2) The system is now so inherently complex, it costs them so much to complete a full investigation that they are unlikely to carry one out unless the unpaid tax is substantial. This 10% of uncollected tax will be largely uneconomic for them to collect - the fag ends of tax due if you like. For example, it it was spread across every family in the UK as the article mentions, the cost of proving the tax is due in many cases would easily outweigh the tax that will be collected. The higher the salaries of those in HMRC, the more acute this problem becomes.

3) The almost Kafka-esqe system of tax credits introduced by the previous government and operated by HMRC is also a huge contributing factor to this problem. Even people who work in the same job earning approximately the same amount of money year after year have ended up receiving too much in tax credits due to failures in the calculations made by HMRC. The constant tinkering with rates, exceptions and special cases adds to point 2.

4) Does this uncollected tax include PAYE/NI and Corp tax unpaid by companies and individuals that went bankrupt I wonder?

Edited by What's'isname

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Mrs Loo has done her bit.

she is on PAYE. she also is required to fill in a tax return.

apparently, she underpaid her PAYE this time by £2.07.

that needed a wadge of 2 letters to inform, and 2 for the demand.

and theres me thinking its PAYE...the code should be adjusted at minimal cost...no, we have 4 letters and a fee on collection at the bank.

Nice to know they are diligent on our behalf.

note, also, that avery year we get the heavy packet of TAX CREDITS form...we have NEVER had Tax Credits, but we are told yearly to CHECK our last years receipts as clawbacks can happen. And if we dont submit the form on time..we may lose out.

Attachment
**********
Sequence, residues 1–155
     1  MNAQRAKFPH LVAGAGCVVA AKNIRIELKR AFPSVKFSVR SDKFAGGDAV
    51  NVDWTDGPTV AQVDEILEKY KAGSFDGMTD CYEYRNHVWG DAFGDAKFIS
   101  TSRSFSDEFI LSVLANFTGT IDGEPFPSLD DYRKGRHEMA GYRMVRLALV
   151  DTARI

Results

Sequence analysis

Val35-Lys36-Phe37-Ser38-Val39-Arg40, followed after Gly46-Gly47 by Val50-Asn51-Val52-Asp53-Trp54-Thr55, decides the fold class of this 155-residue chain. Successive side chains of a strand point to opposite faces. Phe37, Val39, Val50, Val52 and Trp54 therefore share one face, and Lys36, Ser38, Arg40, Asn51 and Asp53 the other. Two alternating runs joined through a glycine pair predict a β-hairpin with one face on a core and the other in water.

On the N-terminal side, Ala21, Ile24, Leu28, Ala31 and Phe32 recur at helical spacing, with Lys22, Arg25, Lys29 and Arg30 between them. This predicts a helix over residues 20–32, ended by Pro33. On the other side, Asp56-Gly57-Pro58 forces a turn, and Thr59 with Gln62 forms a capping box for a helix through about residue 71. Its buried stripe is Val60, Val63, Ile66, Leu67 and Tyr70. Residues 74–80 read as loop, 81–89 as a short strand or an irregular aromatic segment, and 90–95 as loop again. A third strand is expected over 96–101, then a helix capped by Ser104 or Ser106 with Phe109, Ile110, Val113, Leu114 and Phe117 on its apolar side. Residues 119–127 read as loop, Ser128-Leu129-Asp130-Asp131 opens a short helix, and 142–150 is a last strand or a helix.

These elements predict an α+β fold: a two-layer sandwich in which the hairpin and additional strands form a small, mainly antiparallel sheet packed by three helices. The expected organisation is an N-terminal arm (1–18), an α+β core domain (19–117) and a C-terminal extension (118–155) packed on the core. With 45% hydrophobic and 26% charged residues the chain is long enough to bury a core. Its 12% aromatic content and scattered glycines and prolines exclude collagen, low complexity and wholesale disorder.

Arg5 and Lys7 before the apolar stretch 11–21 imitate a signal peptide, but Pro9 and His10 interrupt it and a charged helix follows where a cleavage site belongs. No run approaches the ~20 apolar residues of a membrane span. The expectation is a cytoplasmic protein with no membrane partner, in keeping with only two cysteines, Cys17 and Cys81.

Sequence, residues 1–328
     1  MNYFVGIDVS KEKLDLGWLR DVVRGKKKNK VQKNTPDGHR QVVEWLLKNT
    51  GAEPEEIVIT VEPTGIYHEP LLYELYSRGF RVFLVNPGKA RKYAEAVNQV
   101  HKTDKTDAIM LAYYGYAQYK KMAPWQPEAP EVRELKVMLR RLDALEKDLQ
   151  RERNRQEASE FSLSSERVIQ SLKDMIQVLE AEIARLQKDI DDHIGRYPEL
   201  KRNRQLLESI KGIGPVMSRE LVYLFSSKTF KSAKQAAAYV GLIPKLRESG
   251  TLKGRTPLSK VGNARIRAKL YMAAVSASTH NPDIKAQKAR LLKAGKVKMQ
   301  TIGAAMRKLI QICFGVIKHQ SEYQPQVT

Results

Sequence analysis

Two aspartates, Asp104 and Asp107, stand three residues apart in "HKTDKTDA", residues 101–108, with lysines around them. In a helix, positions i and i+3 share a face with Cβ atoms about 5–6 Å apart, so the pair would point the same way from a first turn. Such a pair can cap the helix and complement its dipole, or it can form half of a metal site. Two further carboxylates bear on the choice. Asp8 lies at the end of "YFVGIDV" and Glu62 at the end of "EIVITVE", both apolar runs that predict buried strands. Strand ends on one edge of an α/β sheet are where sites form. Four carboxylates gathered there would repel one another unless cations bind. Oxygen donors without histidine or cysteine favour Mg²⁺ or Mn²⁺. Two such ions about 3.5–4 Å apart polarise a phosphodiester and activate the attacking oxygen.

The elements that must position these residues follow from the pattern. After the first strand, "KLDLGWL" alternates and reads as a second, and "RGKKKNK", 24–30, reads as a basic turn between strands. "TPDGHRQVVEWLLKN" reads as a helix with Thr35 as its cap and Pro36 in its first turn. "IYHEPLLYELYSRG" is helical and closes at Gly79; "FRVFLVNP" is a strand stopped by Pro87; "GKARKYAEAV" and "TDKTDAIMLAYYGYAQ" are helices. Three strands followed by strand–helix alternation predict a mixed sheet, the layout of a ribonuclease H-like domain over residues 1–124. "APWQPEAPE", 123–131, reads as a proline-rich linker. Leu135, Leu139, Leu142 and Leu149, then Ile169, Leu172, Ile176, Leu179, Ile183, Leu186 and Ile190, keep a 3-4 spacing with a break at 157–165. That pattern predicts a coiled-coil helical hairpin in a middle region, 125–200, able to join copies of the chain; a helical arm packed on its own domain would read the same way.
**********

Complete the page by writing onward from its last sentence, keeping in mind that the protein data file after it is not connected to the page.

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A few things:

1) Avoidance is legal, evasion is illegal. Avoiding taxes can be as simple as not getting a bonus this tax year as it will push you up in higher rate tax, but deferring it until next year when you expect your other earnings to be lower. The point of some taxes (like CO2 bands on company car tax) is to encourage avoidance.

2) The system is now so inherently complex, it costs them so much to complete a full investigation that they are unlikely to carry one out unless the unpaid tax is substantial. This 10% of uncollected tax will be largely uneconomic for them to collect - the fag ends of tax due if you like. For example, it it was spread across every family in the UK as the article mentions, the cost of proving the tax is due in many cases would easily outweigh the tax that will be collected. The higher the salaries of those in HMRC, the more acute this problem becomes.

3) The almost Kafka-esqe system of tax credits introduced by the previous government and operated by HMRC is also a huge contributing factor to this problem. Even people who work in the same job earning approximately the same amount of money year after year have ended up receiving too much in tax credits due to failures in the calculations made by HMRC. The constant tinkering with rates, exceptions and special cases adds to point 2.

4) Does this uncollected tax include PAYE/NI and Corp tax unpaid by companies and individuals that went bankrupt I wonder?